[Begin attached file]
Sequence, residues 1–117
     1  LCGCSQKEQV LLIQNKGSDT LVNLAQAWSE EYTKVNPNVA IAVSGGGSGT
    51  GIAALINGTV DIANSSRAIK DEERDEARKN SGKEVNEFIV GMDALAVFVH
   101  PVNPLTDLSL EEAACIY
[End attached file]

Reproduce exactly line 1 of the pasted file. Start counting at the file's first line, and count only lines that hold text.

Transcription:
Sequence, residues 1–117